Inside Erich Mielke's Offices At The Stasi Museum : NPR FM Berlin Blog As part of our museum series on NPR Berlin, Maria Simson visited Erich Mielke's offices at the Stasi headquarters on Normannenstrasse.

Inside Erich Mielke's Offices At The Stasi Museum

Inside the main conference room at the Stasi headquarters. Maria Simson hide caption

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Maria Simson

Inside the main conference room at the Stasi headquarters.

Maria Simson

"Only a fighter who is happy inside, who sings and is content with his life, will in the darkest hour defend this happy life with all of his strength. But those who grumble inside, who are unhappy with themselves and their lives, have no courage to defend either their own lives or those of their people."

Ironic coming from Wilhelm Pieck, the first President of the GDR.

Even more considering the quotation hangs in the Stasi headquarters, a place devoted to hearing, and eradicating, grumblers.

The President ran the government, but Erich Mielke ran the Stasi. Unlike the interchangeable march of porcelain, mirrors, crystal, gilt and inlaid gewgaws that characterize most period rooms here, Mielke's offices at the Stasi Museum on Normannenstrasse, are a stark reflection of the particular power of its occupant.

Directly outside Erich Mielke's office. (Maria Simson) hide caption

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(Maria Simson)

Directly outside Erich Mielke's office.

(Maria Simson)

Mielke's story is a long history of strong-armed support for the Communist party dating back to 1931 when he murdered two Berlin policemen and then split for the USSR. He returned to the city in 1945 and by 1957 he was the head of the Ministerium fuer Staatssicherheit, a post he held, incredibly, until the wall fell in 1989.

In January 1990, East Germans, reportedly infuriated by rumors that Stasi files were being systematically destroyed, took over the Normannenstrasse complex. They removed papers and then secured the floor housing Mielke's offices with wax seals to preserve the inner sanctum of the GDR's most hated and feared man.

A portrait of Felix Dzerzhinsky. (Maria Simson) hide caption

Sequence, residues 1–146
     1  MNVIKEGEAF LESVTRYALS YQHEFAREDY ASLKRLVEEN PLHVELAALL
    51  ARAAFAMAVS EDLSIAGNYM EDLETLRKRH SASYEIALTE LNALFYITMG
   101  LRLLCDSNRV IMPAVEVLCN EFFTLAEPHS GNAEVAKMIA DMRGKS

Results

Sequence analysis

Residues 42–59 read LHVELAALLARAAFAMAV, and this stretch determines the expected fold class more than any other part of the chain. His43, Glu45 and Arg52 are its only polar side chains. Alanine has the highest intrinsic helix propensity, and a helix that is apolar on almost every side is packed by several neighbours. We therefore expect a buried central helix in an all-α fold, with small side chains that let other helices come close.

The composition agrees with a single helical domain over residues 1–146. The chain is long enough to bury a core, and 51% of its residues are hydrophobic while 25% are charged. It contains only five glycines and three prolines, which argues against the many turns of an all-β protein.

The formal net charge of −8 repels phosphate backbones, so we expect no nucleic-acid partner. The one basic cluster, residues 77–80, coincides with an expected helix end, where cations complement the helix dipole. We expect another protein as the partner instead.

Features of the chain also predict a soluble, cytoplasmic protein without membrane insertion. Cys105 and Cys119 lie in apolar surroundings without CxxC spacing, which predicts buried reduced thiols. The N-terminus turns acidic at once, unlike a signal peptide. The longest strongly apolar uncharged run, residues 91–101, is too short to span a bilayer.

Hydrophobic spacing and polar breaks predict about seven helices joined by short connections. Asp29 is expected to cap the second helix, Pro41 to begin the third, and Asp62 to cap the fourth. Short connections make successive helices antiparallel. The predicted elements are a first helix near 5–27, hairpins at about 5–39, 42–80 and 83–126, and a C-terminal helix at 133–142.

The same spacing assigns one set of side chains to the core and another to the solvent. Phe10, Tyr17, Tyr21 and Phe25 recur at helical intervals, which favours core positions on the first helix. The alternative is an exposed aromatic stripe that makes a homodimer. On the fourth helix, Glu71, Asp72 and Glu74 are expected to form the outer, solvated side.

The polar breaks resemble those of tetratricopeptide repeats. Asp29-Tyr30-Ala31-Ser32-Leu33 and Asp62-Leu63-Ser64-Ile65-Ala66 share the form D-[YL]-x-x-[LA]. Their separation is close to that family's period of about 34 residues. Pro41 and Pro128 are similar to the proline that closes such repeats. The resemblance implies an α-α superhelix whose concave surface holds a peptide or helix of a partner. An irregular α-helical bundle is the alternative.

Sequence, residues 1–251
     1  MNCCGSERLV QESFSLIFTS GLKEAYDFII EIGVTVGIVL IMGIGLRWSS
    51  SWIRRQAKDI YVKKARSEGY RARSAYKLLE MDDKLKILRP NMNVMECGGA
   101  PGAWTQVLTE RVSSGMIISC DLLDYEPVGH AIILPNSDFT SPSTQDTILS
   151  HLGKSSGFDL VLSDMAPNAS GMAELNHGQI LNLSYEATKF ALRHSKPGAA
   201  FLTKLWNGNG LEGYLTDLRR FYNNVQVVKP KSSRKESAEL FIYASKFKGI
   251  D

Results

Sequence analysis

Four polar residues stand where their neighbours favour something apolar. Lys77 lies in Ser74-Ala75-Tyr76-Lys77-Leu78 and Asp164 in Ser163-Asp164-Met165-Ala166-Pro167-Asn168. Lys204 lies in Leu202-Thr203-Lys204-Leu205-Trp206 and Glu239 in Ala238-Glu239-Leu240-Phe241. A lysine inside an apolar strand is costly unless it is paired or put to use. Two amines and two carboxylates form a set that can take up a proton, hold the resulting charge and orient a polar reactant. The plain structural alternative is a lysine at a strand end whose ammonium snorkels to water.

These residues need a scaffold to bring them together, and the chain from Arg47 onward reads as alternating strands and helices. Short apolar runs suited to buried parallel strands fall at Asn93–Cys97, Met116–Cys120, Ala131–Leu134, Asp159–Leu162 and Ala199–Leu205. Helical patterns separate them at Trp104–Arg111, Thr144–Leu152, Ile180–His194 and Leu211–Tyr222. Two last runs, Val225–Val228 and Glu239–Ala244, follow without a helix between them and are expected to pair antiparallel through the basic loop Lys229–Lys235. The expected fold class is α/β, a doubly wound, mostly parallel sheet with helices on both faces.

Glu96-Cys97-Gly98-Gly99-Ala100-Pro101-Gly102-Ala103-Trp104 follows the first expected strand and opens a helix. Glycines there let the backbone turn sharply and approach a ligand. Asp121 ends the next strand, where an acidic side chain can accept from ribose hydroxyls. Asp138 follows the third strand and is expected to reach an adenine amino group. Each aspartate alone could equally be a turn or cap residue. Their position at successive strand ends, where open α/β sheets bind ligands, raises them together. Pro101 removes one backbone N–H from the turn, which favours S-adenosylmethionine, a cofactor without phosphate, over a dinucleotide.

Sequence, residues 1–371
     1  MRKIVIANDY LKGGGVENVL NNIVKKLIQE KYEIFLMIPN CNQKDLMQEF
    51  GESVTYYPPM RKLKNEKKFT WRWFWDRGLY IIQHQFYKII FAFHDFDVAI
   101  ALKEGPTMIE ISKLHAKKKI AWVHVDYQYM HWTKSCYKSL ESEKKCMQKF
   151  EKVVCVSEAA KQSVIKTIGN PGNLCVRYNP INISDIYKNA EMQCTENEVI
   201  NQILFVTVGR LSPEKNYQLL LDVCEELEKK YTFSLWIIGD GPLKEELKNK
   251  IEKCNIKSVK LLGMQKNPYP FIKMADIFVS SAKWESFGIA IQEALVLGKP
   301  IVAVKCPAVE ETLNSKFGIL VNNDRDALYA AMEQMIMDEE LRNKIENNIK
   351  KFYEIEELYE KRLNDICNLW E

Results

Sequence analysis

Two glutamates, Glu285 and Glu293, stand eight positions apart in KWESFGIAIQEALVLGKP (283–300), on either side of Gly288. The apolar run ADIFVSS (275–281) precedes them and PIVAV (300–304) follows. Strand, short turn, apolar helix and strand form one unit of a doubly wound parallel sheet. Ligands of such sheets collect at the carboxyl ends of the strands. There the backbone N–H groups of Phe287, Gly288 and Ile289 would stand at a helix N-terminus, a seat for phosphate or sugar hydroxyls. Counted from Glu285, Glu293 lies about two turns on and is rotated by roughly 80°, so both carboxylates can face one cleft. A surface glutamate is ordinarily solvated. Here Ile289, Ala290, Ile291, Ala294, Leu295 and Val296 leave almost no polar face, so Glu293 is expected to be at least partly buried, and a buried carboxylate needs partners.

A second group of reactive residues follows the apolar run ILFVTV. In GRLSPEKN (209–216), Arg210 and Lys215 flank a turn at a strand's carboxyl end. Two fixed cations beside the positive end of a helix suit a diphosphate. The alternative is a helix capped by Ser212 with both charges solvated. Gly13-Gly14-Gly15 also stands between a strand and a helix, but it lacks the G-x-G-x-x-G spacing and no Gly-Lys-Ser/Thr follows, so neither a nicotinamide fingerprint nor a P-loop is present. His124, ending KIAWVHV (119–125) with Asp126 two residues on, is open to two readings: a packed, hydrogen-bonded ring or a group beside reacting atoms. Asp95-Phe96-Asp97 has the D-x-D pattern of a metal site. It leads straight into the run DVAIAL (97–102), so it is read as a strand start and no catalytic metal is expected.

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(Maria Simson)

A portrait of Felix Dzerzhinsky.

(Maria Simson)

The main hall is dominated by three portraits: a bronze of Lenin; intarsia of Felix Dzerzhinsky, the founder of the Cheka, the forerunner to the KGB; and a painting of what looks to be Richard Sorge, a much-lauded Soviet spy executed during WWII.

The outer offices for secretaries, the canteen, the conference room, Mielke's own workroom and private apartment are a banal accumulation of postwar blond wood design: bentwood chairs, spare desks and pale, polished cabinets. Behind the cabinets were safes and spaces for files. The desks hold telephones with direct lines to the East German Army and the Central Committee of the SED. Scattered about is the then-modern apparatus of the aptly nicknamed "VEB Horch und Guck" (State Company Listen and Look): paper shredder, televisions, radios and a built-in cabinet with reel-to-reel tape player and large speakers.

One recent day, Normannenstrasse was crowded with tours for older Germans who came to it with a different attitude from the more lackadaisical school groups. In the conference room, one man in his seventies stared at the long table and comfortable chairs before turning to examine the large map on the wall. Haltingly, he traced with one finger a tortuous route from what is called simply "Berlin" to "West Berlin."